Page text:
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Article > Equal opportunity
Description :: Maybe we shouldn't always spell things out
The laws that protect us from being "unfairly" (dis)qualified from a job have a serious flaw in my mind: they're too specific. They list plenty of things which are "off-limits" to employers: gender, race, creed, and so forth. That which is not listed, is allowed. I have no problem with the idea behind this law: to provide equal access to jobs by equally qualified applicants. My problem is entirely with the execution of this idea. I would be much happier if the law stated, quite simply, the following:

An employer may not discriminate against a potential employee on the basis of factors which are unrelated to the applicant's ability to perform the job in question; employers must further consider as equally able to perform the job in question applicants who require accommodation so long as the accommodation is not excessively expensive or difficult or unreasonable for the employer.

This retains the ADA's (somewhat vague) requirement that disabled persons be given a fair chance at a job if all they need is, say, text-reader software if they are blind, or wheelchair access, or certain days off, or some other accommodation. At the same time, it generalizes the rule to actually represent what the law was intended to do.

As an example: under the current law, you can discriminate against someone for being ugly. Under mine, you can only do so if the job function requires the person to not be ugly, and a cheap face-lift won't help. That lets movie studios and photographers employ only people that actually look like what they want. You need a black actor, or someone who can look black enough? Then hire a black person, or someone who can look black. Yes, it's based on skin color, but it's also based on the job itself. Need a priest? Hire someone who knows his stuff and can be expected to consistently deliver advice and guidance in accordance with your beliefs. Selecting the person based on creed might be going a bit far with my definition, yes. (And plenty of people will balk on that basis.) I, for one, don't care if my philosophy professor likes or agrees with Plato: if I hire him to teach me platonic philosophy, and he can do it effectively, then that's good enough. Need someone who speaks fluent spanish, russian, and italian? Then find what you're looking for. Don't go nosing around in what isn't important, and you'll be fine. Simple, no?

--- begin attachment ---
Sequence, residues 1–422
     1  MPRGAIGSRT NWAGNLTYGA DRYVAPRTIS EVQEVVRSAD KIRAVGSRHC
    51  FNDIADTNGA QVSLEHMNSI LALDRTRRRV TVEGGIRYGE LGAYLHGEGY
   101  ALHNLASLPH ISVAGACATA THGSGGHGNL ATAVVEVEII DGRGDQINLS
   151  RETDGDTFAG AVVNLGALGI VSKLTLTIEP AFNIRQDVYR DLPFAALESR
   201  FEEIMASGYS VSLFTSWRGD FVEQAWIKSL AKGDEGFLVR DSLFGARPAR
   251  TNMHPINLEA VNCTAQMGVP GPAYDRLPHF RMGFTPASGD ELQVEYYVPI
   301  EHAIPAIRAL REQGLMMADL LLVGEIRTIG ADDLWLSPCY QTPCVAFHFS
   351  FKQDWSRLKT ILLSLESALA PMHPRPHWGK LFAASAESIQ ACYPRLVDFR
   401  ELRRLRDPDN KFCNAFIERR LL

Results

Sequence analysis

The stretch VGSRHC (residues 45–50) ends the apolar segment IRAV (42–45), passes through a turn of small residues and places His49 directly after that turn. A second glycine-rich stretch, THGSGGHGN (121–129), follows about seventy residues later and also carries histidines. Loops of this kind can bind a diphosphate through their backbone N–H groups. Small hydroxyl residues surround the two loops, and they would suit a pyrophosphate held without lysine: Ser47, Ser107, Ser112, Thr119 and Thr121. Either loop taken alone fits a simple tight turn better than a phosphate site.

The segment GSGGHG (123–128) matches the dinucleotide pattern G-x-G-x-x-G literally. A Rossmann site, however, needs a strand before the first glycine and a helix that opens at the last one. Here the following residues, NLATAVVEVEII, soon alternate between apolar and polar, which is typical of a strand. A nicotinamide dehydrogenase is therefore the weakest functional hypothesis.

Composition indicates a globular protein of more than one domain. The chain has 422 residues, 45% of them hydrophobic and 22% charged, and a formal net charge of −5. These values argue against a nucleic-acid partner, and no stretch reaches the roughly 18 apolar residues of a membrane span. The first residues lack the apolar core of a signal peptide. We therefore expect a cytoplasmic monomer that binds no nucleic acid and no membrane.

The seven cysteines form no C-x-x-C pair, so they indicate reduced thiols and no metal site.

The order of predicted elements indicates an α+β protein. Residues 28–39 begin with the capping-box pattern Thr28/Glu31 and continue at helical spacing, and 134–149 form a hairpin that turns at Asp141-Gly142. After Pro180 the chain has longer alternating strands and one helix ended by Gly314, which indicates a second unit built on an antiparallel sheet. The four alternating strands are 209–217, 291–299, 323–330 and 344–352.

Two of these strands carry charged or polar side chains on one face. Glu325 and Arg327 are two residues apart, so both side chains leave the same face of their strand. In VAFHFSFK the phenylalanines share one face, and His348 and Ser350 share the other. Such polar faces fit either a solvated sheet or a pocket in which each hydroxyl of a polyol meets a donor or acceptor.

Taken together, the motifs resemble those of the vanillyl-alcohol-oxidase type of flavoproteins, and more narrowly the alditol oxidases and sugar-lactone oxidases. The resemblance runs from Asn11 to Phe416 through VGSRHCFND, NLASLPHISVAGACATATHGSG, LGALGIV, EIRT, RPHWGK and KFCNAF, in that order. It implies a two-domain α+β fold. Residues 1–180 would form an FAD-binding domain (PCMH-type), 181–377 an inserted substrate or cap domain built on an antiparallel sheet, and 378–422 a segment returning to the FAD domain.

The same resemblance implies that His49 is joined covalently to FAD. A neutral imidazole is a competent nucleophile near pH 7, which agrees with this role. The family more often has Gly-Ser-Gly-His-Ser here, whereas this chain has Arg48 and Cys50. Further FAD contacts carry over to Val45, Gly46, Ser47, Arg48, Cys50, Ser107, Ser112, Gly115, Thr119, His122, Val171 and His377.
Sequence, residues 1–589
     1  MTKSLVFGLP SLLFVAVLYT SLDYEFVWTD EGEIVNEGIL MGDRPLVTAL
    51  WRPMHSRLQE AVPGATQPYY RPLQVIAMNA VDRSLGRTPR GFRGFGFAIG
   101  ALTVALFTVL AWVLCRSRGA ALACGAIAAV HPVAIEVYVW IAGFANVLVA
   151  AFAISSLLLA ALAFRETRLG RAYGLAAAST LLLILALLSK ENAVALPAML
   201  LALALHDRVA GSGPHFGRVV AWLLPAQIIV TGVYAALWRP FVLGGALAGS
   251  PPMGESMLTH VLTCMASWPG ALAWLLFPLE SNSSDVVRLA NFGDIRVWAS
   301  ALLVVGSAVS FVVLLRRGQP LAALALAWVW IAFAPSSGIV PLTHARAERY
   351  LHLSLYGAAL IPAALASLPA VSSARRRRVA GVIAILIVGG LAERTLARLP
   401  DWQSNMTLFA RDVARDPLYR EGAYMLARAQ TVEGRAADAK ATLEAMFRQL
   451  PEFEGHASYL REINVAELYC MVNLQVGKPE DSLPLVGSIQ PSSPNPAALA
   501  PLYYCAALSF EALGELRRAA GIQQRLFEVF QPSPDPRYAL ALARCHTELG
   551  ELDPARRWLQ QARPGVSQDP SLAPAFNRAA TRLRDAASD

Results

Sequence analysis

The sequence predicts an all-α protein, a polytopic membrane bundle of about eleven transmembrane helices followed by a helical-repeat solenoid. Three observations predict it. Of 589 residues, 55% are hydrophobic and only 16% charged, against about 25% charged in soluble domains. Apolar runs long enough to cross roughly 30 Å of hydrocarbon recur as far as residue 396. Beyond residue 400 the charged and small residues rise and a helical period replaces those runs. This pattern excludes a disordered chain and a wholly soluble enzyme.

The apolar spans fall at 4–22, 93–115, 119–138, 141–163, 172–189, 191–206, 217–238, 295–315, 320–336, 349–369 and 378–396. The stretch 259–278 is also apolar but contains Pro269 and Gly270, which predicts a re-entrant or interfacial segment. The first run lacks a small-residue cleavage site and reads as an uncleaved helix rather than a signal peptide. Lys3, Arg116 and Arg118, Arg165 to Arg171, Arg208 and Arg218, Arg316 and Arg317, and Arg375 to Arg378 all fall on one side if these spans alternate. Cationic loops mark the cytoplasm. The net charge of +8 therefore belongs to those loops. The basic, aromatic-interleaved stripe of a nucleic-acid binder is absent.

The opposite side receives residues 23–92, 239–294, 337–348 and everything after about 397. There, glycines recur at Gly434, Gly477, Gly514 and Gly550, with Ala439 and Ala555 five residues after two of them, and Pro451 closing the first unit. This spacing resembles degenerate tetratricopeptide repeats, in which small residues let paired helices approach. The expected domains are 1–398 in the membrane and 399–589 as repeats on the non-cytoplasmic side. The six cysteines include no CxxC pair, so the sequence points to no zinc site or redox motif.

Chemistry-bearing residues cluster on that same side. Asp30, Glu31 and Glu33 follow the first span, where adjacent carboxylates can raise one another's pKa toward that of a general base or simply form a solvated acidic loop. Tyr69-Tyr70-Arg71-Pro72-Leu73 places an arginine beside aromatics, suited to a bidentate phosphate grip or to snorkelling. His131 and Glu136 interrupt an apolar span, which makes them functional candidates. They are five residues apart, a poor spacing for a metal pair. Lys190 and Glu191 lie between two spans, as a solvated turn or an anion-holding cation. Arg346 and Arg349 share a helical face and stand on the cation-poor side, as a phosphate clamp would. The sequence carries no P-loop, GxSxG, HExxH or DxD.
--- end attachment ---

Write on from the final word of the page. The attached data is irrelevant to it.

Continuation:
Obviously, I'm going to be said to be naive, idealistic, and overly trusting. Also, someone's going to say "hey, aren't you the one who always asks everyone to spell things out?" To that, at least, I can answer: as long as what you spell out is a good enough general rule, then it's just as good as (or better than) a long list of examples, exceptions, and so forth. And yes, I am in fact naive and idealistic on occasion. Darn.

[more later: maybe I do, in fact, have a problem with this law. maybe also with the missing law concerning selling services without regard to who the buyer is: how did we ever make segregation in buses and bathrooms go away? ... okay, that part was answered by reading Title II of the Civil Rights Act of 1964, as per the article on churches, marriage, and segregation. and then affirmative action, definitely worth a separate article. I still agree with myself.]

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Owned by Unordained - Created on 02/21/2004 - Last edited on 03/02/2004

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